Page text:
Mustangs refine you as a trainer, and it helps you understand how domestic horses think on a whole new level.

I’ve heard a lot about how mustangs can be called crazy, but I say they are very sensitive and very intelligent. Once you can figure out how to work with that and harness it – they are incredible. Once you know how they see and process things, it’s totally different story.

 

A lot of time with domestic horses you are undoing a lot of wrong training, or people will blame a horse’s bad behavior on the horse when it really was that the person didn’t understand the horse’s way of thinking, so it was a failure on the persons part in not communicating to or understanding the horse. But if you take a wild horse out of the wild you are dealing with a fresh slate, no one else is to blame, not even the horse. It’s up to you to figure out how to communicate and understand it.

 

It has totally changed my perspective.

Favorite TIP Stories

 

There was one mustang I had that was very reactive, so I had to break everything apart into small parts so he could think through and process things a little bit at a time. I had to make sure he was showing signs of relaxation before the next level.

 

During the gentling process, mustangs can develop a lot of trauma if you move too fast, so you have to take it very slow and small so they can trust. Once they start to understand they can trust you, then you can start to push more. And like I said before, don’t leave any holes – You have to do lots of approach and retreat, slow down your breathing, take your time. It’s all about gaining trust before you do anything else. If you skip a step, leave a hole, that mustang will find it.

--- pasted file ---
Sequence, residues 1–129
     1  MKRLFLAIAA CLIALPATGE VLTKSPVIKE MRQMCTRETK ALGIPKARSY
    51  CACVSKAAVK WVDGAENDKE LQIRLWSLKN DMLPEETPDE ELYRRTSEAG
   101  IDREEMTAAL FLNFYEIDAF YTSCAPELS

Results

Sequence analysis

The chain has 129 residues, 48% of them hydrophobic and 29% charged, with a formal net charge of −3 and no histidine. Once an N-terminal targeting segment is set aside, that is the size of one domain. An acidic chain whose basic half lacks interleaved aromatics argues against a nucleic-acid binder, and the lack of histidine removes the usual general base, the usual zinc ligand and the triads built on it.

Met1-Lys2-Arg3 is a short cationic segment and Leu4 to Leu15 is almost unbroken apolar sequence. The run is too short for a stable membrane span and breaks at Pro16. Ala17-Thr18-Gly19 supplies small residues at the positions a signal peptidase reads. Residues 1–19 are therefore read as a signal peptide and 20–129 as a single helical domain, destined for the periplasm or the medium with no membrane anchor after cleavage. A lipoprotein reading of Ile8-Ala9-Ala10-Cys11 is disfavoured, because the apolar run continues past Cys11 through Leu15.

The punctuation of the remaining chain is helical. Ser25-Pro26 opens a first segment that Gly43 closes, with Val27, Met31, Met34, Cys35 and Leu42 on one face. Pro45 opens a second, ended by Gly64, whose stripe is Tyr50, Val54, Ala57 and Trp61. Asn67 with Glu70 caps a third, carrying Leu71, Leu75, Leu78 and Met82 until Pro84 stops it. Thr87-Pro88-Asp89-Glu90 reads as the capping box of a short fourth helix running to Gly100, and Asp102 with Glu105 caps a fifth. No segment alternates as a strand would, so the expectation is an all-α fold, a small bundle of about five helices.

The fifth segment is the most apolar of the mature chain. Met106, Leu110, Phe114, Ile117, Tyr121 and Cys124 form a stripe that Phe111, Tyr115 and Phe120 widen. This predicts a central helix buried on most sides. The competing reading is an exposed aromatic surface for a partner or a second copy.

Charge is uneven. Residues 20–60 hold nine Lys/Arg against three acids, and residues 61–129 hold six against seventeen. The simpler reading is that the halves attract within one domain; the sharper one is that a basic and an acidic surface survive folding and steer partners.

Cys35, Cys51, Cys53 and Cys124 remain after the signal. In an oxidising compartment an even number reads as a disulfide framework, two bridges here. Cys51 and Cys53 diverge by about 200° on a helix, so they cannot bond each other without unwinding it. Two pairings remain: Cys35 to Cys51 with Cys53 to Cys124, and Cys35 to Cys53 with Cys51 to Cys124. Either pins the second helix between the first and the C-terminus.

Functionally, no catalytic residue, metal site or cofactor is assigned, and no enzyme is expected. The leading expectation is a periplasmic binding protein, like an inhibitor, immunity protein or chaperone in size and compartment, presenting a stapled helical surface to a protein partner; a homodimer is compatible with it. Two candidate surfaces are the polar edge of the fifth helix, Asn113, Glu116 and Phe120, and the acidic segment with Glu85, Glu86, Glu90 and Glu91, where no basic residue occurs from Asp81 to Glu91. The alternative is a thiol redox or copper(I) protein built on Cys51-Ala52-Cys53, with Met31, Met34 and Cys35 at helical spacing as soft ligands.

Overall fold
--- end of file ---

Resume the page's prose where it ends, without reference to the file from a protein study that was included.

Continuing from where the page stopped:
I learned a lot from that mustang. 

Another one of my favorite stories was an Appaloosa mustang mare. When I first saw her in the pen, she had her ears pinned back, she wasn’t happy. I took her because she wasn’t happy and wanted to see if I could make her happy! She was quite difficult, very sensitive but also aggressive.

 

When she was ready for adoption, I was worried she’d not do well and fall through the cracks. She went to be a rope horse at a feedlot. She was amazing at it and so amazing that a friend of mine, who also worked there, loved her so much that she bought her from the original adopter and still uses her at the feedlot - and the mare still loves it! She is all business and takes her job seriously. I know she’s happy. I thought she was going to end up in a bad situation... 

 

But she found the perfect job and home.

Favorite Trails

 

With my mustang Shiloh, I got to take him on a big trip out to South Dakota and Nebraska in 2019. We went out there for a bucket list ride for our friend Terry Parker who had terminal cancer.

 

Once you’ve trained a mustang, I recommend taking them on a long trail – to help them find themselves again.

 

It changed my horse, Shiloh. He came back a different horse.

 

In training we spend a lot of time telling our horses what we want them to do – but on the trails you are letting them learn how to be on the trails, thinking for themselves, and letting them work it through.

 

We rode in the Black Hills at Bridle Ridge Horse Camp and at Fort Robinson in Nebraska. It was amazing!

 

And we also go to ride in parade at Cheyenne Frontier Days – which was the highlight for me! I contacted our mustang matriarch, Ann Souders, who works for the Mustang Heritage Foundation, and asked her if she knew where we could go see any wild horses while we were out there. She had me contact the Wyoming Mustang Association...

 

Unfortunately, we weren’t going to be near any wild herds, but the gal asked me if I was bringing my mustang out, and I said yes – so she invited Terry and me to ride in the parade!

 

It was something I’ll never forget.

I think as trail riders we can all relate to fear and freedom… we all have had fear of something in our lives, maybe for some, it was even trail riding! But there is nothing more freeing than gaining the trust of a horse, or learning to trust that horse, and experiencing the wide-open spaces with them.

We love stories like this and we hope you enjoyed it here in The Trail Journal!
Be sure to share it with your friends!

Would you like to Advertise with HTCAA & The Trail Journal?
Contact us today! TheMercantile@htcaa.org

JOIN

Want to Become an official HTCAA Member?